STRUCK DUMB: AND NOW THE END IS NEAR: “We have a tentative deal,” began the letter sent by the heads of the Writers Guild of America’s east and west coast chapters to their striking members on Saturday, signaling that the end of the Hollywood writer’s strike is finally in sight. “It is an agreement that protects a future in which the Internet becomes the primary means of both content creation and delivery. It creates formulas for revenue-based residuals in new media, provides access to deals and financial data to help us evaluate and enforce those formulas, and establishes the principle that, ‘When they get paid, we get paid.’”
Details keep changing almost hourly, but as of Sunday evening, it looks like TV and movie writers could be back at work by as early as Wednesday, and from the sounds of it, the studios and networks want them back at their laptops pronto. “That meansBack 9 orders of some scripted TV series could be saved,” wrote Nikki Finke of the L.A. Weekly on her Deadline Hollywood blog, “along witha no-frills pilot season with less scripted series ordered than ever before. (And expect the upfront presentations to advertisers to consist of a lot more pleading than preening.)”
In a feature on the breakthrough published in Friday’s New York Times, it seems that the tipping point in negotiations was a compromise on internet residuals, “which (the writers) suspect will soon replace the reruns that have paid them tens of thousands of dollars an episode.” In a deal point modeled after the contract the Director’s Guild of American negotiated last month, writers will get a flat fee for downloads the first two years of the current contract, and a percentage starting in 2010, a concession that gives the writers “bragging rights,” as they’ve insisted from the start of the strike that the networks and studios would be loathe to cave on online residuals.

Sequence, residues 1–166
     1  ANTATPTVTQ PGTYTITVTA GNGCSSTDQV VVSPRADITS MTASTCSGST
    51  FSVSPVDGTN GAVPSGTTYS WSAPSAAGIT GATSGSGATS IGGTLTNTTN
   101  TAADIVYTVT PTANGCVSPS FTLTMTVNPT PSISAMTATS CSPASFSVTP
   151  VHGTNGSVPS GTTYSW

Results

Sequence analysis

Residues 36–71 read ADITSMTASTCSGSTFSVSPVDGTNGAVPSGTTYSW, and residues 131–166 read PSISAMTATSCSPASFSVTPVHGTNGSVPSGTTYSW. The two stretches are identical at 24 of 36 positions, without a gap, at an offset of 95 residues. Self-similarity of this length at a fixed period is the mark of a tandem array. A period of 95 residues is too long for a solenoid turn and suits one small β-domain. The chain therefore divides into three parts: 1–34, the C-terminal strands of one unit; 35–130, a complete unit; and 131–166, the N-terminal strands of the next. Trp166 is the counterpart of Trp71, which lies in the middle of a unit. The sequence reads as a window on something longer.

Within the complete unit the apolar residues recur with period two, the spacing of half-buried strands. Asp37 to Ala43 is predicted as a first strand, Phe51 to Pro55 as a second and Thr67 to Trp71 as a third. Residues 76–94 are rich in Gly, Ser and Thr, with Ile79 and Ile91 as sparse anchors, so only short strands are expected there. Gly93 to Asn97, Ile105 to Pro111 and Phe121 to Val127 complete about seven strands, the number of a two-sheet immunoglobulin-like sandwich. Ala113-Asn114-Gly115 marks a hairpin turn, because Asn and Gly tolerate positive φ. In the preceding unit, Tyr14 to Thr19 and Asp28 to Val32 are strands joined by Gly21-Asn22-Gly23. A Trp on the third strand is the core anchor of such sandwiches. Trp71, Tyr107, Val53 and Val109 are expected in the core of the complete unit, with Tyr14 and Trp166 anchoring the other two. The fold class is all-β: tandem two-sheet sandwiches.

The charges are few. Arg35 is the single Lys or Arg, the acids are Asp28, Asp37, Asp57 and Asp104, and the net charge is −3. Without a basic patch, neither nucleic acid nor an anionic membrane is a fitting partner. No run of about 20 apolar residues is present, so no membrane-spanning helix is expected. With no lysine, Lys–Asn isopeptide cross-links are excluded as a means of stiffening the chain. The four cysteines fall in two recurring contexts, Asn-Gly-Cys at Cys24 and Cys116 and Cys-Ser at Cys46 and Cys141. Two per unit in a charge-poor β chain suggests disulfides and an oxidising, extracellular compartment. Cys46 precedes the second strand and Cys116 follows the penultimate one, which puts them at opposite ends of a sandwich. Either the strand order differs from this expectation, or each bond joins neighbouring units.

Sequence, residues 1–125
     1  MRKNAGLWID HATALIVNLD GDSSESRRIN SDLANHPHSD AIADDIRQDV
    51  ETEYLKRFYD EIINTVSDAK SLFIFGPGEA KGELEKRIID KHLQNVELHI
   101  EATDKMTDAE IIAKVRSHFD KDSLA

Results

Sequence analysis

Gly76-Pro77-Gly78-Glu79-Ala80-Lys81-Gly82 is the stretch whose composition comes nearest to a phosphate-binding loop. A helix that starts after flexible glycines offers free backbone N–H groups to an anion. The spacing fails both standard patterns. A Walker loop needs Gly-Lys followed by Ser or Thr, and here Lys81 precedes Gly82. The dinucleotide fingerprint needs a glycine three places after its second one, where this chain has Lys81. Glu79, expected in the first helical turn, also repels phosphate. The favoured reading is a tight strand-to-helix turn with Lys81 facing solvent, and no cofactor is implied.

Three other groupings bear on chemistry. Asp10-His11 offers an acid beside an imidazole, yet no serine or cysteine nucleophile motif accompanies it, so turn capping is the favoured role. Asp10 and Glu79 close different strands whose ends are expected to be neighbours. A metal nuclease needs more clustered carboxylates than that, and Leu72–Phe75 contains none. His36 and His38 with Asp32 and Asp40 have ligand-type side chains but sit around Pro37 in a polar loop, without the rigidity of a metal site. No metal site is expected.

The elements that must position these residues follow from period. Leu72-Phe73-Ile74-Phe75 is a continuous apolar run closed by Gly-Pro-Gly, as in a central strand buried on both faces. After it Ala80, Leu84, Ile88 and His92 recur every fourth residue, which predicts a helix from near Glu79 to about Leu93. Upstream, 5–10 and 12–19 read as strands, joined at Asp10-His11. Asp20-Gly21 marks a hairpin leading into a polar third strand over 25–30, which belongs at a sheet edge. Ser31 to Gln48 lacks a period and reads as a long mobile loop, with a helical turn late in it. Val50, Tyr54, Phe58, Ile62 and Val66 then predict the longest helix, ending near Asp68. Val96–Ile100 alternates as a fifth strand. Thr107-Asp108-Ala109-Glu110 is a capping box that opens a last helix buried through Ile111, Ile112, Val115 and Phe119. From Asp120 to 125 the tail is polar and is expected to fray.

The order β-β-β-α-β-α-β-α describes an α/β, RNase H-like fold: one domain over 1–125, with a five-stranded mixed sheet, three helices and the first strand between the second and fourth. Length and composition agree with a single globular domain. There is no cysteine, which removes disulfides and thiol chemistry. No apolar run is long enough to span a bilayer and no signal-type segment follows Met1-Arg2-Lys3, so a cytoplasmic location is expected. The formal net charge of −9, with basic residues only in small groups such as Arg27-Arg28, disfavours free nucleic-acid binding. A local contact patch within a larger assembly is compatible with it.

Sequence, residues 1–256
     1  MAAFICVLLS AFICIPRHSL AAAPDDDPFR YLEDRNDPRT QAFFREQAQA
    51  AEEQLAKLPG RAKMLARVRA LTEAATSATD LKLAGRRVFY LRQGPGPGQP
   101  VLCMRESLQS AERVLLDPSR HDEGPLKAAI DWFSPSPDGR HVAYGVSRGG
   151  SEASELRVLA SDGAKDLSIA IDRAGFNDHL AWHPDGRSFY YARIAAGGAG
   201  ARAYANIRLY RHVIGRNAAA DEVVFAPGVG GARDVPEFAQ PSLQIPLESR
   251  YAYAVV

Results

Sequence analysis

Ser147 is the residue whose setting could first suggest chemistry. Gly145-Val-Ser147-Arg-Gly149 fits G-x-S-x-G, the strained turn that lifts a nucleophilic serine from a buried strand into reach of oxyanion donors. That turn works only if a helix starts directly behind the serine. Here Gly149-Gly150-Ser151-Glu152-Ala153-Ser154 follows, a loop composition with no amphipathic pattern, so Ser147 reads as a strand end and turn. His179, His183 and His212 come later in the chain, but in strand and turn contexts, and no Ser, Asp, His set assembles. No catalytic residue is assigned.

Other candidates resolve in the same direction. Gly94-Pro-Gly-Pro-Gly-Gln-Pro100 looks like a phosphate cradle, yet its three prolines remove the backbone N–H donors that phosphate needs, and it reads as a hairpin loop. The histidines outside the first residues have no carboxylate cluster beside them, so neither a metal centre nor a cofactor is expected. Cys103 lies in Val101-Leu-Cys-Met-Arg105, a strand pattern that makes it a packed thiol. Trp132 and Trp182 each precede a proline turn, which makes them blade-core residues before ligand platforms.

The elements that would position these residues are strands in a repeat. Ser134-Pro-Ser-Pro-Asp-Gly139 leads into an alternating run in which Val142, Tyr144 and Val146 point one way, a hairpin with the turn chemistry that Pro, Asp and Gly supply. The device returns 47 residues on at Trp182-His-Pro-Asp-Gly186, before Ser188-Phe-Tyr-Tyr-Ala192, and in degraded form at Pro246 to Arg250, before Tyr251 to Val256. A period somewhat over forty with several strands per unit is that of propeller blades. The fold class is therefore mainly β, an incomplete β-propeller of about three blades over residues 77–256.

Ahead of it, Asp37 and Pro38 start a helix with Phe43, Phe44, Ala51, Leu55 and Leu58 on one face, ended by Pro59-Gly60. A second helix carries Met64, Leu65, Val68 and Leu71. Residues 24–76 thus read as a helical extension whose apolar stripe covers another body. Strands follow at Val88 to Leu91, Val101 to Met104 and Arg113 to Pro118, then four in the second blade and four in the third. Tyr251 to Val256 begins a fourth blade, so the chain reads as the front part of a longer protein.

“Officials of the directors’ guild had already signaled that they would not object if the writers appeared to one-up them on that matter,” according to the Times story, adding that the DGA “reasoned that writers would need to show some gain from their strike.” Tellingly, they also rationalized that since “actual income from the Internet would remain so small in the next three years ... a percentage payment in 2010 was likely to yield little.”
The end of the strike also means that this year’s Oscars are likely to proceed, in all their meandering, tedious, awkward glory, which is really good news for CTV up here in Canada, according to a story in the Hollywood Reporter. Canadian cities such as Vancouver and Toronto – production outposts for the U.S. – have suffered during the strike, and CTV took a big hit when the Golden Globes, “traditionally a big draw for Canadian TV viewers and advertisers” according to the Reporter, were scuttled. The network holds the Canadian rights to air both awards shows, and the Oscars are (I did not know this) “Canada's most-watched TV show.” Which means that Hollywood’s celebration of its dwindling box office and increasingly dreary prestige films will likely draw millions from Peggy’s Cove to Hornby Island once again, to my own abiding mystification.